Multi-site Cancer Data Collection System
Unit-specific UIF funds will support programming, and technical and organizational support to implement the Otobase software system in multiple clinical research sites. The Otobasesystem was developed initially to support national multi-institutional clinical trials related to head and neck cancer. Based on input from a beta trial of the system sponsored by the American Head and Neck Society, a condensed version was also designed to support smaller projects conducted by solo practitioners, or small departments/divisions that lack data entry personnel and systems support. The design, documentation, and beta trial are complete and the revised system ("Otolite") is operational and in active use.
UIF support will be used to expand the use of Otobaseand Otolite to collect data needed for a variety of clinical research programs. UIF support will also allow modifications of the system to make it operational in the participating offices, clinics, operating rooms, and other settings. Although developed for cancer research, the system is not limited to a single disease. The core of the database can be modified to suit other areas of clinical investigation.
The overall goal of this project is to prove the concept that Otobasecan be expanded for use with other cancer and clinical research projects. If successful, the system, including its condensed version (Otolite) could be licensed to external entities to support clinical trials.
The system will be developed in close coordination with the Medical Center's Information Systems, Tumor Registry, and the clinical cancer data management subcommittee of the Seattle Cancer Care Alliance (SCCA). The Otobase system and the proposed project are widely endorsed within the UW Academic Medical Center. The UWMC Clinical Cancer Committee, after analyzing available commercial systems, recommended that Otobase be expanded to meet the needs of the UW Cancer Registry.
IMPORTANCE TO THE ACADEMIC MEDICAL CENTER (AMC)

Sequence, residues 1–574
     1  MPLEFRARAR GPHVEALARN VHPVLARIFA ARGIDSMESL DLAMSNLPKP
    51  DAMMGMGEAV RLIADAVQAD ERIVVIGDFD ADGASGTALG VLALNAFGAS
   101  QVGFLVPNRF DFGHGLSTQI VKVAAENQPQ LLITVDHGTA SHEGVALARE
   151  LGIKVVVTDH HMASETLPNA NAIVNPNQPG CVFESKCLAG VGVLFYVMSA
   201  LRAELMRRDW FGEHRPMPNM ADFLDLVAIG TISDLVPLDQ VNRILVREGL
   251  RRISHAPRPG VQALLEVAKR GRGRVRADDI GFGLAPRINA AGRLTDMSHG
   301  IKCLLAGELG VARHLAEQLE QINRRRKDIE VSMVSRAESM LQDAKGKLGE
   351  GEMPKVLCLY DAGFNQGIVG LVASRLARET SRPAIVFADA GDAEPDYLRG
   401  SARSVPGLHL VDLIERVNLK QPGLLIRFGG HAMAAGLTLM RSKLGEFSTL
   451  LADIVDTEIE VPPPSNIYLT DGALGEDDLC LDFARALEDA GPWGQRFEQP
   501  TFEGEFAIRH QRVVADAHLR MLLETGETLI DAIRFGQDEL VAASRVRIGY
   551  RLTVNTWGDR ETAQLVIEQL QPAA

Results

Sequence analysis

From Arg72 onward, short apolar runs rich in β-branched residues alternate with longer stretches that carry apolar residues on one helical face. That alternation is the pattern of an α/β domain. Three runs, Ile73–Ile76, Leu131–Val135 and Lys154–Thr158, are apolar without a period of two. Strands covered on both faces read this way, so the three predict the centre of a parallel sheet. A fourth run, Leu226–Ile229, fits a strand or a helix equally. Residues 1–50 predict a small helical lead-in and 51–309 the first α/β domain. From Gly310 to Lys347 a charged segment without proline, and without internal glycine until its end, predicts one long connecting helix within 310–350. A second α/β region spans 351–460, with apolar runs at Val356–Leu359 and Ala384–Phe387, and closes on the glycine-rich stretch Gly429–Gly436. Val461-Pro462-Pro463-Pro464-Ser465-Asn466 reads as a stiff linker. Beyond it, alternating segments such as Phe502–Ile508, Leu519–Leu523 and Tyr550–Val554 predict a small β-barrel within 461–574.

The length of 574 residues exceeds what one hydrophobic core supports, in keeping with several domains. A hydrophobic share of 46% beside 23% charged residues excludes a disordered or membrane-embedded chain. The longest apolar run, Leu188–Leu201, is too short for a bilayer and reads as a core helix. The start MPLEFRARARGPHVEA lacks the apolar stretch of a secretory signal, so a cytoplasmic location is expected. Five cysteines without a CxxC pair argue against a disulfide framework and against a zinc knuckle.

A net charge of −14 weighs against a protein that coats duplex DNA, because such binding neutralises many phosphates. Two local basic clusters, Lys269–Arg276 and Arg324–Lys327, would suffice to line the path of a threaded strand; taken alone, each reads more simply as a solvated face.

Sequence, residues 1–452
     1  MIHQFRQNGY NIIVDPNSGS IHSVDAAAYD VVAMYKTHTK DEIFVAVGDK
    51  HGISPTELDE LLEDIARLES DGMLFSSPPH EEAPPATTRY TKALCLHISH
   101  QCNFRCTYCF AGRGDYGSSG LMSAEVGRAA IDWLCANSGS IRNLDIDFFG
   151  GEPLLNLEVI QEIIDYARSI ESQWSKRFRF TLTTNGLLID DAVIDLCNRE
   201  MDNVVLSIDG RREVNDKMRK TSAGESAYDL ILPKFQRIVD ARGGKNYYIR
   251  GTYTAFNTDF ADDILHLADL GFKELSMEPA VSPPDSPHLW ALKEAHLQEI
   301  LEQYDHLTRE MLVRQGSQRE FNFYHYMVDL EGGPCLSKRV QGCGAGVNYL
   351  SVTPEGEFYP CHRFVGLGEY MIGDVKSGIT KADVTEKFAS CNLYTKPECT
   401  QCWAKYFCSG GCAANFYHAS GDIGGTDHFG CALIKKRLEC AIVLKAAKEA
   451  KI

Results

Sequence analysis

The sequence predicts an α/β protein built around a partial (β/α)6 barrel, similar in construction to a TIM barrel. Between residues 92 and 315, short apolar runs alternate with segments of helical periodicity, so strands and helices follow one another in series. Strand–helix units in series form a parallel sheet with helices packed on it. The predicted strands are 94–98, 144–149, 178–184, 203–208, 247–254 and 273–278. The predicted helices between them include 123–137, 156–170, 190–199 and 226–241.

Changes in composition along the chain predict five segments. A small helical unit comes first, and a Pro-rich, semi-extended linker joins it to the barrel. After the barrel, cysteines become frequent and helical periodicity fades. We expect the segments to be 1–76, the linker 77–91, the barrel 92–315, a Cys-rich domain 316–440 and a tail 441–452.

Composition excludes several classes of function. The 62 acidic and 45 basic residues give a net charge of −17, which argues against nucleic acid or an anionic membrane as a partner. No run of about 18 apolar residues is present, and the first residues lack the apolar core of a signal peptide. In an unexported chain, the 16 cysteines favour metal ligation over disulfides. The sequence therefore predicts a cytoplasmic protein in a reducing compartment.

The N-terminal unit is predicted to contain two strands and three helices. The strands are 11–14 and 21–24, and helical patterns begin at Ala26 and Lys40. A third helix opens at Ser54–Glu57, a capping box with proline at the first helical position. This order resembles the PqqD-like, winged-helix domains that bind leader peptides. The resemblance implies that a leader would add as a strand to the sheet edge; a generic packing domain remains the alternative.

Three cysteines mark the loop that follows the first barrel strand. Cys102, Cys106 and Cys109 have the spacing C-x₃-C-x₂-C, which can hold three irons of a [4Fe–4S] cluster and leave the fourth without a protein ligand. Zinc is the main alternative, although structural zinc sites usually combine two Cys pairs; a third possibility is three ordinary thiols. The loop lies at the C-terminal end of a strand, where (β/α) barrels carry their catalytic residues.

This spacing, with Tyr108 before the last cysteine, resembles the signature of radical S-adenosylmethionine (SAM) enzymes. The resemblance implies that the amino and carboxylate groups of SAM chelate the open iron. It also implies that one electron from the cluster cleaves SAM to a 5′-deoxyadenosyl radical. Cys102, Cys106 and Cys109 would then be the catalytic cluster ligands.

Interactive clinical data collection has potential to solidify and expand the AMC's research, education, and patient care activities. Providing access to a system such as Otobase highlights our commitment to shared responsibility for cancer care and regional leadership in clinical research.
The expanded use of the Otobase system will mitigate a key impediment to clinical research within the AMC, i.e., the absence of an effective data collection mechanism. The system relies on simplified data entry and automated data checks that will reduce the cost of data collection. The condensed version of the system (Otolite) will provide an effective underpinning for the regional clinical trials network envisioned by the SCCA.
Insurers and other purchasers of health care services are increasingly interested in treatment outcomes. This is particularly true in high cost services such as cancer care. The cost of cancer treatment comprises between 20-25 percent of the health care purchasing dollar. As a major provider of cancer care, the AMC and the SCCA must provide the leadership in developing information systems that support outcome-based purchaser's benefit and contracting decisions. The Otobase system should provide an institution-wide mechanism for collecting such data.
The Otobase system was developed by, and intended to be used by practicing physicians. As such, it is an excellent educational tool to familiarize physicians in training with the use of medical informatics to support outcome-based patient care. This will be a core competency required of all physicians in the next quarter-century. Thus, the use of unit-specific UIF funds will enhance the informatics infrastructure for clinical research across the Academic Medical Center and will provide support for information technology changes needed for teaching programs for health professionals.
Paul Ramsey, MD
Vice President for Medical Affairs and
Dean of the School of Medicine
|Date Funded:||February 2000|